Sense & Centsibility Blog

The Truth About Paying Down Your Credit Cards

It's Flashback Friday and we're bringing back Kate's post about why it's important to look at the big budgeting picture before paying off credit cards with a lump sum of money.

A common question that we hear at LSS is “I've got cash temporarily. Should I pay down my credit card debt?” People will come into a sum of money temporarily or maybe get paid more at different times during the year. Think a teacher, construction worker or a seasonal employee.

A friend of mine who works seasonally came to me asking about the benefits of paying down his credit cards since he had the cash at the moment. Making a big payment now enticed him because this would lower his monthly payments to the credit card company, plus lower the existing interest.

But there was a huge catch! He would need the money eventually for basic living expenses this summer (when he isn’t getting paid as much). And if he doesn't have the money in savings he will most likely have to live off credit again.

Let's Look at the Big Picture

I told him he hit the nail right on the head. There is no way around it. He will definitely need the cash later.

Making a drastic payment on your credit cards will make you feel better now but most likely won’t help you months from now.

He needed to look at the big picture. A little breathing room now won't do you any good if you will just be struggling in the near future.

I asked him the age old simple question, “How much money do you need to live each month?” He looked at me like I was crazy.  It is such a simple question but so many people don’t know the answer.

Here was my advice

Person paying billFirst, make a basic budget. Open an excel spreadsheet or go old fashioned and pull out a piece of paper and a pencil. Check out our Expense Tracking Form if you are having trouble.

Write down all of your monthly income that you receive right now. Monthly income is your income minus taxes, social security and Medicare. (Remember to include child support, retirement, and social security as income.) Add it up. This total is your current monthly income.

Next, write down all of your expenses. There are two kinds of expenses. Fixed and variable. Fixed expenses don’t fluctuate from month to month. Think, mortgage, rent, auto loans, student loans, etc.

Variable expenses are harder to track because they are not consistent. Think groceries, gas, school lunches, household items, etc. PossibleAdd up all of your expenses for the month and subtract that number from your monthly income. (Net income – expenses = Total monthly net) Is there anything leftover?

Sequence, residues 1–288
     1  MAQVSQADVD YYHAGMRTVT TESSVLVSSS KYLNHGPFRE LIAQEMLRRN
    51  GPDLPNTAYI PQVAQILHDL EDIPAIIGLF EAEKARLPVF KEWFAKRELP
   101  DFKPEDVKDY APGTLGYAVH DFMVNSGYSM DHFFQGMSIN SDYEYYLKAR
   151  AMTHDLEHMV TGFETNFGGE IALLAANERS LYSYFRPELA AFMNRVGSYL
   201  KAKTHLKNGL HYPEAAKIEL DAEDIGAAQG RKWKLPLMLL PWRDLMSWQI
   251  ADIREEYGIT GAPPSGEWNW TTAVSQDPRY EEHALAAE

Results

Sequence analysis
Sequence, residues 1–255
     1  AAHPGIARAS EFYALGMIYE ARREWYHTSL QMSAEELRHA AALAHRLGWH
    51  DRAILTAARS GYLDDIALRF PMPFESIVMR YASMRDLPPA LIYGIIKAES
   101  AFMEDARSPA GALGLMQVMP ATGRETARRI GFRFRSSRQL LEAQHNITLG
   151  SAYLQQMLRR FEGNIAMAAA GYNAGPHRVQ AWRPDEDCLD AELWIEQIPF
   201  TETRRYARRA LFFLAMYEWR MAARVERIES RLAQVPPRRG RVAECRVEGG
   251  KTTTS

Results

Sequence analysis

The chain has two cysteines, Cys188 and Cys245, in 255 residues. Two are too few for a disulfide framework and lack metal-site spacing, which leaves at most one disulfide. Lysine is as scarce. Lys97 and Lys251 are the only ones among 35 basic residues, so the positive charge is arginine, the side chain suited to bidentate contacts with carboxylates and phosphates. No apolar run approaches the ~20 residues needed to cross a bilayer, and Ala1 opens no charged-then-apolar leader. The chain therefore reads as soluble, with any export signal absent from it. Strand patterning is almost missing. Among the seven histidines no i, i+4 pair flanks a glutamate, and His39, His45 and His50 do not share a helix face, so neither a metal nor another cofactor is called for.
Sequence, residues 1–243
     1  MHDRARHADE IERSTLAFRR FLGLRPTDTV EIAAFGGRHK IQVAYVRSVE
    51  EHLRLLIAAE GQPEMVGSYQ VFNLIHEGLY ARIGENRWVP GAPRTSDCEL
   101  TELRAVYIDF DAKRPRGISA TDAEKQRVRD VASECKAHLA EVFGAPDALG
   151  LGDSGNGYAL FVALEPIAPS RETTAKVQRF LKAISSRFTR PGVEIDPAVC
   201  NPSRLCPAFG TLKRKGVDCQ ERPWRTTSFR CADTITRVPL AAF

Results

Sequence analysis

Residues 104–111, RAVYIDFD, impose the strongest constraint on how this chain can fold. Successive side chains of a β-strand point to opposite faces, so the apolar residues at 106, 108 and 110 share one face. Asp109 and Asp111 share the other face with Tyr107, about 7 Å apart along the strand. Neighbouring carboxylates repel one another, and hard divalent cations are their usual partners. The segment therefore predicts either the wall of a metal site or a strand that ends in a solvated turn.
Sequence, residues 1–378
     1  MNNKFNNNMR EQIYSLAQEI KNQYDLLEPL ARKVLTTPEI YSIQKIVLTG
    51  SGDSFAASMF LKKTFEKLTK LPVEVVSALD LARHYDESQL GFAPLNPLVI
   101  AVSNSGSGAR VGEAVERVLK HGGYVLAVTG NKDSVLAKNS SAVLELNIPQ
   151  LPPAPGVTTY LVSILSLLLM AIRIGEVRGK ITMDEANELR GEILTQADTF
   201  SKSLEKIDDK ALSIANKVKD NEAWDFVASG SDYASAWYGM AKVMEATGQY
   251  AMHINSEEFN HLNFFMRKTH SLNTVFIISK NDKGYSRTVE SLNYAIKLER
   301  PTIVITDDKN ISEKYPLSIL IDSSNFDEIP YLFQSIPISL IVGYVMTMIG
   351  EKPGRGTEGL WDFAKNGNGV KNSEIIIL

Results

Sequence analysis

Now, play around with what you can afford to pay towards your credit card payments or past due bills by cutting expenses. Making small changes in your budget is not impossible.  And remember, in the case of my friend, his monthly income will change in the summer so he needs to take the monthly income fluctuation into account.

In his case, he could NOT afford to make a huge payment to his credit card now. It would cost him too much later. So, he found a reasonable monthly payment that he could afford that fit nicely into his budget.

One last piece of advice: Start building up an emergency savings!

It's not a matter of "if" but "when" the unplanned emergency is going to strike, and it's usually at the worst time ever. It could be a furnace, roof, car, medical debt, etc.

Try to start building a savings that can help cushion the blow. And try treating it like a payment. Start anywhere — $25 or $15 a month. Treat it like it is an actual bill and you will be less likely to skip it.

Still confused on how to make a monthly budget? Or maybe the results have been a real eye opener and you want to talk with someone about making small changes now. Our financial counselors specialize in this. They would love to talk with you about moving forward to a debt free life.

Call us at 888-577-2227 to set up an appointment either over the phone or in person. Or get started online right now. A Certified Financial Counselor will get back to you within two to three business days.

By Kate Swenson